Prof. Chege Waruingi
Capital Markets Authority

Mr. James Wangunyu
Nairobi Stock Exchange

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Cooperative Bank IPO


The Co-operative Bank of Kenya is the fourth largest bank in Kenya and has over the years made immense contribution to the Kenyan economy. To build on this growth the Bank has already announced plans to raise an estimated Kshs 10 billion in additional capital by way of an IPO through the Nairobi Stock Exchange. The funds raised will finance the Bank's mortgage products, Information and Communication Technology (ICT) infrastructure and expansion of the branch network.

The IPO Steering Committee has reviewed the issue at length and taken recognition that the listing comes at a time when there are some notable challenges facing the capital markets both locally and abroad, key among them being:
  • A potential international global recession precipitated by the collapse of key financial institutions in the United States
  • Current inflationary pressures impacted on partly by the international oil prices, and
  • Current investor apathy in the post Safaricom IPO period.
This notwithstanding, the IPO Steering Committee has deliberated on this issue at length and taken cognizance of the comments expressed by the Nairobi Stock Exchange and noted the following;-
  1. Co-operative Bank commendable business and operation restructuring over the last seven years with a full circle turnaround in its profitability from the hitherto years of loss making may perhaps be our economy's best documented case study of a corporate turnaround and there is great appetite by ordinary Kenyans for this share particularly considering the solid base of the 7million member Co-operative Movement.
  2. The Bank has continued to report excellent profitability with the profit before tax of Kshs 1.7 billion as at 30th June 2008, indicating that they will exceed the Kshs 3.3 billion target for the year 2008.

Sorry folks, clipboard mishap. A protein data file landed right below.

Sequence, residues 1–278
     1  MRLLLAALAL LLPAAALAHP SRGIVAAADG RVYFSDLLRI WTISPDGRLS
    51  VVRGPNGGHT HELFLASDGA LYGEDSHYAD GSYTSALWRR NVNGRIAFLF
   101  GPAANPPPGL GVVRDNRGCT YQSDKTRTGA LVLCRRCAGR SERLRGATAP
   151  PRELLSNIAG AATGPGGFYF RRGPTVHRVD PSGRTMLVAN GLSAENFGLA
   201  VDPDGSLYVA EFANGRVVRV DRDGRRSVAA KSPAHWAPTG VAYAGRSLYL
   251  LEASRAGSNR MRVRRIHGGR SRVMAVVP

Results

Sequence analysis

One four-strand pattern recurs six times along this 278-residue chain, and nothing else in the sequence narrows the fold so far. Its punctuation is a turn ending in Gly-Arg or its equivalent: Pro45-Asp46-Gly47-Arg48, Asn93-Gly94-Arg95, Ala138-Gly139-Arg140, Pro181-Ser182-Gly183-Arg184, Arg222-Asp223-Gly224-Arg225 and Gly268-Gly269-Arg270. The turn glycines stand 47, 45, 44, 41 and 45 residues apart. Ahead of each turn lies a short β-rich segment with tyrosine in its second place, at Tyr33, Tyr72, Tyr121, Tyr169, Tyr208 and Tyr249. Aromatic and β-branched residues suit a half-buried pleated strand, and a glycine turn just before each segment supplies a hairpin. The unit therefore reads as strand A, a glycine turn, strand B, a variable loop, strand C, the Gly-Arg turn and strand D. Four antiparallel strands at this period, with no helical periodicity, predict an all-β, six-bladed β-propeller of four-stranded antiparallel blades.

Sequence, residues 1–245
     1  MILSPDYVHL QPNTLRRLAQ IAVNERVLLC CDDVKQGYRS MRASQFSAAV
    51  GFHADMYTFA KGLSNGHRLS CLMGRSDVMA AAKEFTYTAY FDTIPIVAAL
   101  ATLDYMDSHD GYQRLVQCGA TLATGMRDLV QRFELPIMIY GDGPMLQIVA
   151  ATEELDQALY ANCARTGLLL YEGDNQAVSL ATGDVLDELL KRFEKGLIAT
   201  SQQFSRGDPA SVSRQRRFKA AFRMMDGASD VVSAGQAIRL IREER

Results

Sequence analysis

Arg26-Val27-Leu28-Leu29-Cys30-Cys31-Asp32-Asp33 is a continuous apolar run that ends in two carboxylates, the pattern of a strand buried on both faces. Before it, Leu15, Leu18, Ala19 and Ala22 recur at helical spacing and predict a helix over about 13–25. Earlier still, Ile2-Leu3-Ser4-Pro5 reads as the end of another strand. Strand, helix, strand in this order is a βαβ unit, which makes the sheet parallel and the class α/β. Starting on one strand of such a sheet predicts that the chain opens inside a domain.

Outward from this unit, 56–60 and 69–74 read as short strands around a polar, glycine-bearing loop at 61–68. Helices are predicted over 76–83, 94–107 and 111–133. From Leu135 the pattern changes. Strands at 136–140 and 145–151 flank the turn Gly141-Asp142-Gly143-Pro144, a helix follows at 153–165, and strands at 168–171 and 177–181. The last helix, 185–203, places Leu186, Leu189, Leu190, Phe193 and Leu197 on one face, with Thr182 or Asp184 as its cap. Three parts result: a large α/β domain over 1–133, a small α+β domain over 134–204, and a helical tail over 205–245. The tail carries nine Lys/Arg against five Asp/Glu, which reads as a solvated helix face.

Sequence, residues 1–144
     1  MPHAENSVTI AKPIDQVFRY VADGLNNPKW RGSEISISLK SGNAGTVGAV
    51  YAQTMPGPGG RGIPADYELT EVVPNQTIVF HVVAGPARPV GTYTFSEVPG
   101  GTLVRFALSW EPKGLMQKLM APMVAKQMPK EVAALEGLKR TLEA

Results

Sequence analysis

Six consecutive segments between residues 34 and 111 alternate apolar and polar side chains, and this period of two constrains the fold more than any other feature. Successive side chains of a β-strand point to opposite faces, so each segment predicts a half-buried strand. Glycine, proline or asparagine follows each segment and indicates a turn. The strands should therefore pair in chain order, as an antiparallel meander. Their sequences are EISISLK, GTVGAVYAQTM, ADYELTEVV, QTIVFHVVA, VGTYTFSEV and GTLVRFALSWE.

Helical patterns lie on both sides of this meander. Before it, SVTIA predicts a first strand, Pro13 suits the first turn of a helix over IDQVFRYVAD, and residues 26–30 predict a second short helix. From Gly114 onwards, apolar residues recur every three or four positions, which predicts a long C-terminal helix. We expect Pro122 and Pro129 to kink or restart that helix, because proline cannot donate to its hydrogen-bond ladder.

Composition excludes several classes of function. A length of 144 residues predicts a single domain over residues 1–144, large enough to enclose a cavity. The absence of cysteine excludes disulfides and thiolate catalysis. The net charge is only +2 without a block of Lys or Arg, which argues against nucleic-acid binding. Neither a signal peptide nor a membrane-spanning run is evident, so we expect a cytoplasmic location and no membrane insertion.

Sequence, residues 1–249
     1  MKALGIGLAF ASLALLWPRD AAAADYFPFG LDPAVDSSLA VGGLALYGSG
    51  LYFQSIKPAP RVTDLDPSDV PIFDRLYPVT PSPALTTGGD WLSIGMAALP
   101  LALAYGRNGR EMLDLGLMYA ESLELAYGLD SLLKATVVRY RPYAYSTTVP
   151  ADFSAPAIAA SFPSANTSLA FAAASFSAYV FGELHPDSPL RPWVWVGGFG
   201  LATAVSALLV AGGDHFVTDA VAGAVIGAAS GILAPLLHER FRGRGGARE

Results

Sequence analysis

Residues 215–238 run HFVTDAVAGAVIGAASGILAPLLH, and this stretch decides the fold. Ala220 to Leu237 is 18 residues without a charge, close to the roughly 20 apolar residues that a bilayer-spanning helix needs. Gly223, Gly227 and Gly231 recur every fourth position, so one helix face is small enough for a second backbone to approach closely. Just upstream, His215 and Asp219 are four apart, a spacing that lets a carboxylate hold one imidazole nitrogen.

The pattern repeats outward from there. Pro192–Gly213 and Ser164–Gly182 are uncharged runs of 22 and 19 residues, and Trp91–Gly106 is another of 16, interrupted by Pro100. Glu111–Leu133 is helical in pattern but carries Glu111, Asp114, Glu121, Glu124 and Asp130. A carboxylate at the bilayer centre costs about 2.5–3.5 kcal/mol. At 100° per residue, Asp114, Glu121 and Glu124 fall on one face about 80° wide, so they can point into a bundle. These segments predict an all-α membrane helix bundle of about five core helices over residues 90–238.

3. The issue provides a guaranteed minimum allocation for the retail investors as a measure to encourage participation and provide equity to all investors.
  4. The issuer has put in place a highly automated IPO processing infrastructure particularly for efficient processing and timely payment of refunds.
  5. The prevailing circumstances also provide an opportunity for this IPO to rejuvenate the market and re-institute the market appeal by investors in the market,
  6. There is no feasible basis to determine how long the current bear in the market will prevail.
In view of the foregoing, the IPO Steering Committee has re-affirmed that the IPO will progress as scheduled this year.

We invite all Kenyans to plan to purchase a piece of this Kenyan success story when the offer is formally launched.

Jimnah Mbaru
Dyer and Blair Investment Bank
"The Transaction Advisor"

James Wangunyu
Nairobi Stock Exchange and
SIB and FIB Consortium
"The Lead Sponsoring Brokers"

Gideon Muriuki
Managing Director
Co-op Bank of Kenya Ltd
"The Issuer"

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Uchumi Supermarkets Turnaround Success: 95m After tax Profits

Commentary on 2007/8 Performance

Following the closure of Uchumi retail trading by the board in the financial year ending June 2006, revival of the chain stores was commenced under the Specialized Receiver Manager (SRM) and interim management on July 14, 2006. Reopening of only 14 of Uchumi branches continued until February 9, 2007 under the "Uchumi Rescue Plan (URP) whose emphasis was reinvented "Uchumi" for turnaround.

The performance recorded continued to improve following further implementation of the URP during the year 2007/8. The upswing in sales revenue, and trading margins by 27% and 22.8% respectively in 2006/7 compared to the previous year was followed by 50.8% and 61% growth in the sales and gross profit in 2007/8 compared to those realized in 2006/7. The absolute gross profits increased by Shs.585, or 61% to Shs.1,549 million in 2007/8. This is a gross margin of 22.8% of net sales revenue compared to 21% of the previous year 2006/7.

Additionally, customer numbers recorded in the year increased by 73% and 46% compared to the 2005/6 and 2006/7 levels respectively, resulting in the highest customers per square foot per annum recorded in the recent past. These were despite the higher taxes charged on the packaging materials, higher cost of doing business and the inflationary pressure on our esteemed customers. The positive growth results were attributed to focus and redefined core purpose (business objectives) together with operational efficiency, and the re-launched Uchumi brand.
The management remained focused on operating costs that increased by Shs. 185 million, or 17% to Shs. 1,254 million compared to the above noted marked increase in gross profit.

After recorded financial costs the profit before tax increased from operating loss of Shs.257 million in the previous year to the profit of Shs. 106 million, a turnaround of total Shs.356 million. This is a marked milestone for the chain store as the last recorded profit was back in 2001/2. The resultant performance was equivalent to Shs.0.53 per share compared to 2005/6 pre-receivership loss per share of Sh. 4.17.